Posted in: Disc Reviews by Gino Sassani on August 4th, 2015
I Love Lucy changed the fledgling television industry in the 1950’s. This was a time when network television was less than a decade old. Most folks had never heard of television just 15 years earlier. I Love Lucy defined the concept of a sitcom. The show was driven by the very strong personalities of the cast. Desi Arnaz was considered a charismatic Latin lover by American women. Lucy played the perfect foil and found a mountain of gold to mine in strong physical comedy. So many modern shows owe their roots to this classic that it would be impossible to mention them all here. Now CBS and Paramount are bringing the show back in brand-new high-definition restored image that will delight even the pickiest fans of the show. We’ve now reached the second season of these efforts, and it is absolutely worth a look.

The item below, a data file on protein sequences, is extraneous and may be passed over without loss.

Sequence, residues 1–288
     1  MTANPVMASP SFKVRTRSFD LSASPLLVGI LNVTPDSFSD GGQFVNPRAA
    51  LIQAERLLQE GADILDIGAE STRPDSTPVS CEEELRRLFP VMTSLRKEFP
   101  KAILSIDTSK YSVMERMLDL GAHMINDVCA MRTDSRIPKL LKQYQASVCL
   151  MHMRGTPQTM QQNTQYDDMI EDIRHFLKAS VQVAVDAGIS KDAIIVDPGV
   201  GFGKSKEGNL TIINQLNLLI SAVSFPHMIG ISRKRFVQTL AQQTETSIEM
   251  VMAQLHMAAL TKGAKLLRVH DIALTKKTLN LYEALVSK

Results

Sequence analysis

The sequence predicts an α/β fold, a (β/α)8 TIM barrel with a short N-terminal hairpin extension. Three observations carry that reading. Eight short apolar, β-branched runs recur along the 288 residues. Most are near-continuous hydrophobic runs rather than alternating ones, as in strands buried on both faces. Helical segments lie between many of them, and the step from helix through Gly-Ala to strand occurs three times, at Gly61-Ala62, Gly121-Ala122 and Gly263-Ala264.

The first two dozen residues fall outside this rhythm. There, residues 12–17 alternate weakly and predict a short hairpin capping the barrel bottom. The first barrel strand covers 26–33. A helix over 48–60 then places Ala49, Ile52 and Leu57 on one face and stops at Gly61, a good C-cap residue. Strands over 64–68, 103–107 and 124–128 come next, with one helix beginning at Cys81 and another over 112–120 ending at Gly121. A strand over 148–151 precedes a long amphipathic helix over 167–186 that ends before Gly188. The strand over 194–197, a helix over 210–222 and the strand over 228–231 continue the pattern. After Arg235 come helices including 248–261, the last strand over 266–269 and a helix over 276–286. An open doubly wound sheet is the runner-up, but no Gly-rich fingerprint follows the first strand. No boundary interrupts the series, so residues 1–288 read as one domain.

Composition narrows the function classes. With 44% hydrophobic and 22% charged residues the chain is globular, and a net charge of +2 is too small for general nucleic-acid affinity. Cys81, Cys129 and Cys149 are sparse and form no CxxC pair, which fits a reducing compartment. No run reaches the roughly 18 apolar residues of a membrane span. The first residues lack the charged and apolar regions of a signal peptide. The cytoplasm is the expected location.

Even if you are not a particular fan of the show, it would be a mistake to dismiss the impact the series had both on the situation comedy and the television industry itself. The show’s pioneering use of the three-camera format and shooting on film allows the material to be in a position to be restored at all. That setup has remained a staple of the television comedy since that time. Desi was also a marketing genius who was the first to take advantage of the promotional value of putting the show’s name on everything from lunch boxes to sleepwear. It’s an innovation that is exaggerated in a Red Skelton skit provided in the extras here. Desi changed the way television crew did their jobs and created the modern production methods still used today.